chalk street estate agents

The three main parties have now released their manifestos, and with only 3 weeks left until the election, there isn’t much time to take it all in. After scouring the manifestos we’ve compiled a bite-size list of what each party aims to do if they’re successful on 8th June 2017.



  • Build a million homes by the end of 2020, with a further 500,000 by the end of 2022.
  • New council housing deals to allow local authorities to build more social housing.
  • Fixed-term social houses will be built and sold privately after 10 to 15 years with an automatic right to buy for tenants. Cash raised from sales will be used to build further properties.
  • Commitment to halve the rough sleeping over the course of next parliament and eliminate it by 2027.
  • £2.5 billion flood defence programme that will put in place protection for 300,000 existing homes by 2021.


  • Invest in building one million new homes, with 100,000 of those being council and housing association homes.
  • Insulate more homes to help manage the costs of energy bills, reduce winter deaths and meet climate change targets.
  • Build thousands more low-cost homes reserved for first-time buyers.
  • Guarantee Help to Buy funding until 2027.
  • Give local people ‘first dibs’ on new homes built in their area.
  • Protect home-owners who own their home as leaseholders and who are currently unprotected from rises in ‘ground rent’ from management companies.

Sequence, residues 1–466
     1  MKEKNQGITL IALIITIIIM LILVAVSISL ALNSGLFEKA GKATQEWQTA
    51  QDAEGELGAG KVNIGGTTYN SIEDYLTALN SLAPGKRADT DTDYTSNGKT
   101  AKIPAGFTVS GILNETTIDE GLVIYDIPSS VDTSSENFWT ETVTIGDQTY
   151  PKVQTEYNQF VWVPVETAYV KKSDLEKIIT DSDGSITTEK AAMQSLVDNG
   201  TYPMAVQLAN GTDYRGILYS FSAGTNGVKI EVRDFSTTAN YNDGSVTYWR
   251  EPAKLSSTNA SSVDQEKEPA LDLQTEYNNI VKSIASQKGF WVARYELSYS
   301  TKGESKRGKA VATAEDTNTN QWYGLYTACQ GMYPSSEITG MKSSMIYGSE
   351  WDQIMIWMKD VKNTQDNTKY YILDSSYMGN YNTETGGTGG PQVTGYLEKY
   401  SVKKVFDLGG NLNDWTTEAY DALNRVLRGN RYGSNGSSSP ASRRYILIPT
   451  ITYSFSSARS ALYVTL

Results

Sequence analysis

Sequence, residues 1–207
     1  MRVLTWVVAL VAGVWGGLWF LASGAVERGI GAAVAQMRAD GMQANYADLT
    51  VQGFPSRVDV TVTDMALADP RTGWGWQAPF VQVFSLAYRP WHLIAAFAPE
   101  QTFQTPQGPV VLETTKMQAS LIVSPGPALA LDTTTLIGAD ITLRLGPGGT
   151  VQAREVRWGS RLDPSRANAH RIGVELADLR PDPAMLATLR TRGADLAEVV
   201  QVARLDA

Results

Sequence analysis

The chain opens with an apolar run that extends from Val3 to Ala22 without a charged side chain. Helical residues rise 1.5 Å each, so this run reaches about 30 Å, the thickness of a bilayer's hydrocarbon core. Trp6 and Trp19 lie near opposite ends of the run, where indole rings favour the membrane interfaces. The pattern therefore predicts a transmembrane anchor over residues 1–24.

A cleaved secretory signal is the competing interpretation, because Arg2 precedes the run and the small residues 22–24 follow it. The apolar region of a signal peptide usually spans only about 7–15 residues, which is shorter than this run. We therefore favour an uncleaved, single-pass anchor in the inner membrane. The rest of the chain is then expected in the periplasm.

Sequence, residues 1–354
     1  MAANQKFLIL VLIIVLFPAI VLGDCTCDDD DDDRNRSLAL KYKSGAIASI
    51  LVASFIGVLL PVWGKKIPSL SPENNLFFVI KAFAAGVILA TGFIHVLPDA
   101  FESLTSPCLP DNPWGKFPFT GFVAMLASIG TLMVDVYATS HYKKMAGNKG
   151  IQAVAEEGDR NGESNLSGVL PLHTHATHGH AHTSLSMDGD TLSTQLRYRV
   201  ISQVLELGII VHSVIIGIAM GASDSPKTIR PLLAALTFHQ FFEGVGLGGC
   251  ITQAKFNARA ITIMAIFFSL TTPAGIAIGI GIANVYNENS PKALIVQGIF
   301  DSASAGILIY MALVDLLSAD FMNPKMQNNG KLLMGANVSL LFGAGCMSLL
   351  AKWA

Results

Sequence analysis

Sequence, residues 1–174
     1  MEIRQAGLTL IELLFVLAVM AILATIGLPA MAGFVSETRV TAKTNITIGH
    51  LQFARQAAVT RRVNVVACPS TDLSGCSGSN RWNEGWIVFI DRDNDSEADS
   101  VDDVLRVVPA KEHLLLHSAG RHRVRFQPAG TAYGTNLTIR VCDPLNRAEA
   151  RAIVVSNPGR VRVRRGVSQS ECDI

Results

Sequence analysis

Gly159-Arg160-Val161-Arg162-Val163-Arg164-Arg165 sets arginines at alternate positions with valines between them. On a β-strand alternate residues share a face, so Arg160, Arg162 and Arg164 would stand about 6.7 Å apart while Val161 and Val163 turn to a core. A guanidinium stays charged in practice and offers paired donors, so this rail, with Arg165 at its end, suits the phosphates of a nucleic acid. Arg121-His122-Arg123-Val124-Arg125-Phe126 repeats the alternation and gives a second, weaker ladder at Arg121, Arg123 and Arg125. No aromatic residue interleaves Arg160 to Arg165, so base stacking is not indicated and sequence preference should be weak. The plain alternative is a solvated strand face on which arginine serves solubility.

• Make three-year tenancies the norm, with an inflation cap on rent rises, as well as looking into giving renters in London additional security.
  • Legislate to ban letting agency fees for tenants.
  • New consumer rights for renters to ensure properties are fit for human habitation

Liberal Democrats

  • Build homes to reach target of 300,000 homes a year. Build half a million affordable, energy-efficient homes are built by the end of Parliament.
  • Create at least ten new Garden Cities in England, providing tens of thousands of zero carbon homes, with gardens and shared green space.
  • Set up a new government-backed British Housing and Infrastructure Development Bank to provide long-term capital for major new settlements and attract finance for major house building projects.
  • Scrap exemptions on smaller housing development schemes from their obligation to provide affordable homes.
  • Require local plans to take into account at least 15 years of future housing needs.
  • Create a Community Right of Appeal in cases where planning decisions go against the approved local plan.
  • Give local authorities the power to levy up to 200% Council Tax on second homes and ‘buy to leave empty’ investments from overseas.
  • Introduce a Rent to Own model where rent payments give tenants an increasing stake in the property, owning it outright after 30 years.
  • Ban letting fees for tenants, cap up front deposits and increase the minimum standards in rented homes.
  • Stop developers advertising homes abroad before they have been advertised in the UK.
  • Give tenants first refusal to buy the home they are renting from a landlord who decides to sell during the tenancy.